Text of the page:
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Hey all this is a repost from a question I asked on the cisco forums but never got a useful reply.

Hey I'm trying to convert the FreeBSD servers at work to dual-gig lagg links from regular gigabit links. Our production servers are on a 3560. I have a small test environment on a 3550. I have achieved fail-over, but am having troubles achieving the speed increase. All servers are running gig intel (em) cards. The configs for the servers are:



#bring up both interfaces
ifconfig em0 up media 1000baseTX mediaopt full-duplex
ifconfig em1 up media 1000baseTX mediaopt full-duplex

#create the lagg interface
ifconfig lagg0 create

#set lagg0's protocol to lacp, add both cards to the interface,
#and assign it em1's ip/netmask
ifconfig lagg0 laggproto lacp laggport em0 laggport em1 ***.***.***.*** netmask

The switches are configured as follows:

#clear out old junk
no int Po1
default int range GigabitEthernet 0/15 - 16

# config ports
interface range GigabitEthernet 0/15 - 16
description lagg-test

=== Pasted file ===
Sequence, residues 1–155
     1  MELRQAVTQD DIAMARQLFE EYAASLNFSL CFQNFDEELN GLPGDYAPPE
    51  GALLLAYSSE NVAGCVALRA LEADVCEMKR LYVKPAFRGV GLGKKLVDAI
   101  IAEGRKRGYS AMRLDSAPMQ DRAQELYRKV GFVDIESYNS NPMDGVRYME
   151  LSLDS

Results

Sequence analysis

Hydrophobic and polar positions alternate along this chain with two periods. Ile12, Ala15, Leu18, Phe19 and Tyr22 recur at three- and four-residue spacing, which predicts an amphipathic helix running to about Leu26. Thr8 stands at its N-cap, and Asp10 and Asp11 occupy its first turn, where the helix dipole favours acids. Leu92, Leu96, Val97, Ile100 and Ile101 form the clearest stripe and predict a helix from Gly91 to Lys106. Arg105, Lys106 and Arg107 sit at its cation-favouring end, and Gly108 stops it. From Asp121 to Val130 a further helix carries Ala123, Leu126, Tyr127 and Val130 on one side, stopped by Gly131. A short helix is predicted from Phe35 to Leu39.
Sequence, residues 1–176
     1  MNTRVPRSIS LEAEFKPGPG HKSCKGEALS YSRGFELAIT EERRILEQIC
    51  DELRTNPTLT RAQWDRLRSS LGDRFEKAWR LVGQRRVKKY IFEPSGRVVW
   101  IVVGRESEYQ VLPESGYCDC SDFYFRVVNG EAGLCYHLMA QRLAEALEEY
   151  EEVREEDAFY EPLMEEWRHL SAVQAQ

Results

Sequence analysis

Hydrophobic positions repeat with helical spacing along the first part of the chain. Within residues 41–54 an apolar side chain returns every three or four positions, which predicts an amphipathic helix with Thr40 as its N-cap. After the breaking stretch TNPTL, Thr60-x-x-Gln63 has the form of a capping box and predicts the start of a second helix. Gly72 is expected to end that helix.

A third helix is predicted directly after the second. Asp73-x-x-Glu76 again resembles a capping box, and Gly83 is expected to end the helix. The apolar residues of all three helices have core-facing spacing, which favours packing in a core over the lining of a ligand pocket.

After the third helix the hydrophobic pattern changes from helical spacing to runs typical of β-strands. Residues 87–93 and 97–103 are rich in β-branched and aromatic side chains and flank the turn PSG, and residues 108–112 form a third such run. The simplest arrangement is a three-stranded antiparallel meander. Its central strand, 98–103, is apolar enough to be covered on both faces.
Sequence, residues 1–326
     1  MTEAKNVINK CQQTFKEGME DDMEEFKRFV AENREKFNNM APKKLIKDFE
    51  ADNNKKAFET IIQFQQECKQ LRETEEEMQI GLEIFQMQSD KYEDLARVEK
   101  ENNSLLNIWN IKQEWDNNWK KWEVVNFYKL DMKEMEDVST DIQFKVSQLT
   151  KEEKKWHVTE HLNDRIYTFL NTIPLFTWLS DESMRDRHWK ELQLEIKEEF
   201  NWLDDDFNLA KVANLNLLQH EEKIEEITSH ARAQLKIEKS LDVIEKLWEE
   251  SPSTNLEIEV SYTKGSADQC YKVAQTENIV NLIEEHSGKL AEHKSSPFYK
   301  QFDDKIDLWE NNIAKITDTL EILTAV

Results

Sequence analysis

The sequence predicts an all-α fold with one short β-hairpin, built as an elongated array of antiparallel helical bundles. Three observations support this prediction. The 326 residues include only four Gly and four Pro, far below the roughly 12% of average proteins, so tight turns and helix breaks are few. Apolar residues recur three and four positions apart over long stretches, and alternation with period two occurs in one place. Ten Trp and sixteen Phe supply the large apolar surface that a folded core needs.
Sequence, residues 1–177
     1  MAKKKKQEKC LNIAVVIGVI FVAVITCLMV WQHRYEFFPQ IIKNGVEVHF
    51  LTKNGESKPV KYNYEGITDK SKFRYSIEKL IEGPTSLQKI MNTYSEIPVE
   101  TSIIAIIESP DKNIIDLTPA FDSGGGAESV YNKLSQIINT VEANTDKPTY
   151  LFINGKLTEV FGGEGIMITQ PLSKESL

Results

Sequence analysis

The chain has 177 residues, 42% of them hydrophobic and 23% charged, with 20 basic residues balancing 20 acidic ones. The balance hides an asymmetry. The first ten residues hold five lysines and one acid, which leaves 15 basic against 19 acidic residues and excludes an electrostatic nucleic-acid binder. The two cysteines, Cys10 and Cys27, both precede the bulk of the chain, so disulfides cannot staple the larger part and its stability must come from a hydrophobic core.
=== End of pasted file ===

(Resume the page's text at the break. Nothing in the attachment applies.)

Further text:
duplex full
speed 1000
switchport access vlan 192
spanning-tree portfast
channel-group 1 mode active
channel-protocol lacp
**** switchport trunk encapsulation dot1q ****
no shutdown

interface Port-channel 1
description lagginterface
switchport access vlan 192

port-channel load-balance src-mac

obviously change 1000's to 100's and GigabitEthernet to FastEthernet for the 3550's config, as that switch has 100Mbit speed ports.

With this config on the 3550, I get failover and 92Mbits/sec speed on both links, simultaneously, connecting to 2 hosts.(tested with iperf) Success. However this is only with the "switchport trunk encapsulation dot1q" line.

First, I do not understand why I need this, I thought it was only for connecting switches. Is there some other setting which this turns on that is actually responsible for the speed increase? Second,

This config does not work on the 3560. I get failover, but not the speed increase. Speeds drop from gig/sec to 500Mbit/sec when I make 2 simultaneous connections to the server with or without the encapsulation line. I should mention that both switches are using source-mac load balancing.

In my test I am using Iperf. I have the server(lagg box) setup as the server(iperf -s), and the client computers are client(iperf -c server-ip-address), so the source mac(and IP) are different for both connections.